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How Pivoting Helped Her Business Survive the Pandemic

pivoting in business

Photo Credit: Ivan Samkov/Pexels

This post is part of a series of branded posts sponsored by Verizon Business. The focus of the series — part of a paid partnership between Verizon Business and CircleAround — is on women small-business owners and how they are navigating the complexities and challenges of contemporary business, from the pandemic to the economy.

When the pandemic hit, so many businesses struggled to adapt and stay afloat. Consumers’ needs changed, indoor services could no longer be provided, and, in many cases, employees had to be furloughed or laid off. In order to help her business survive through this difficult time, Paige Arnof-Fenn knew she had to pivot her business strategy. Arnof-Fenn is the former vice president of marketing at Zipcar and current founder and CEO of Mavens & Moguls — a global strategic marketing consulting firm that is entirely remote. CircleAround caught up with her to learn how she ensured her company thrived, even during a pandemic. 

“The biggest change for me, my team, and my clients was the shutdown of all networking events, travel, and conferences,” Arnof-Fenn tells CircleAround, “This is typically a very busy time with many events, trade shows, business meetings on the road, etc. and for the past year, everyone is staying put and meeting virtually instead.”

In response to these changes, Arnof-Fenn created a virtual office for her clients and used videoconferencing tools to keep projects moving and communication flowing. “Pivoting to online meetings, webinars, etc. is a smart and productive way companies can continue to have conversations that educate and inform, build relationships, and move forward during this crisis period,” she explains.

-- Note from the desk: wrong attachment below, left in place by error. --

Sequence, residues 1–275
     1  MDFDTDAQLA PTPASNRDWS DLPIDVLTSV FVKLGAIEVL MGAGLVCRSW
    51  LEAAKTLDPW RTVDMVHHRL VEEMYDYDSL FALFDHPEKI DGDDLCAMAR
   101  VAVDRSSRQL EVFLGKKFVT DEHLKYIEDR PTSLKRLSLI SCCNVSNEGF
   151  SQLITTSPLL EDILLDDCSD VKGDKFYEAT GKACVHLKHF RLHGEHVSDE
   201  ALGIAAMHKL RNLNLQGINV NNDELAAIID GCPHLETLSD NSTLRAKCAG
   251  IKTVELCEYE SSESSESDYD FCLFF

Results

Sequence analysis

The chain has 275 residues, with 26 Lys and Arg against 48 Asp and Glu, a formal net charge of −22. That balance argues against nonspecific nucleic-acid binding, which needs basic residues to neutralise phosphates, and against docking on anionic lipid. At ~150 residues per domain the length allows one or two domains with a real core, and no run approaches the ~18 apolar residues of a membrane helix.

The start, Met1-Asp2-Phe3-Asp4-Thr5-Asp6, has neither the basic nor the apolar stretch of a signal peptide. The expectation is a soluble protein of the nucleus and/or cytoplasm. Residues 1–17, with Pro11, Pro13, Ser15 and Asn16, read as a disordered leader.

Mavens & Moguls’ consulting services also now include helping clients better connect with customer needs during the pandemic, be it through social media platforms or virtual tools. This helps build stronger relationships with a customer base and increase revenue. 

“We have learned that CRM [customer relationship management] tools are only as effective as the relationships you have built,” Arnof-Fenn emphasizes. “Meeting for coffee or lunch virtually can accomplish so much more than email exchanges, social media posts, etc., and it is a great way to get to know people better, their interests, hobbies, and dreams.”

Pivoting to virtual platforms also helped Arnof-Fenn feel closer to her colleagues, many of whom have since relocated around the world. “If small groups on your team want to talk through specific issues—managing anxiety, kids, parents, etc.—virtual coffee meetings have been helpful, too,” she tells CircleAround. “A few colleagues have even met online after work for a virtual happy hour when they had more time to chat.” 

“It is starting to feel like the new normal by leveraging technology to build and maintain my relationships,” she adds. “We have learned that finding routines and things we can control helps.”

Arnof-Fenn knows that while technology can expand business opportunities during the pandemic, building and maintaining client relationships matters even more. 

“Employees, customers, and clients will remember who treated them well during the crisis and they will be rewarded with loyalty from earning that trust during the bad times. We have learned that it is about touching people in meaningful ways, which may mean being less busy, not more, for a while.”

By adapting and pivoting business strategies during the pandemic, Arnof-Fenn was able to make her company and its clients even stronger. With new skills and technology, she’s also ensuring her company has a competitive edge long after the pandemic is over.



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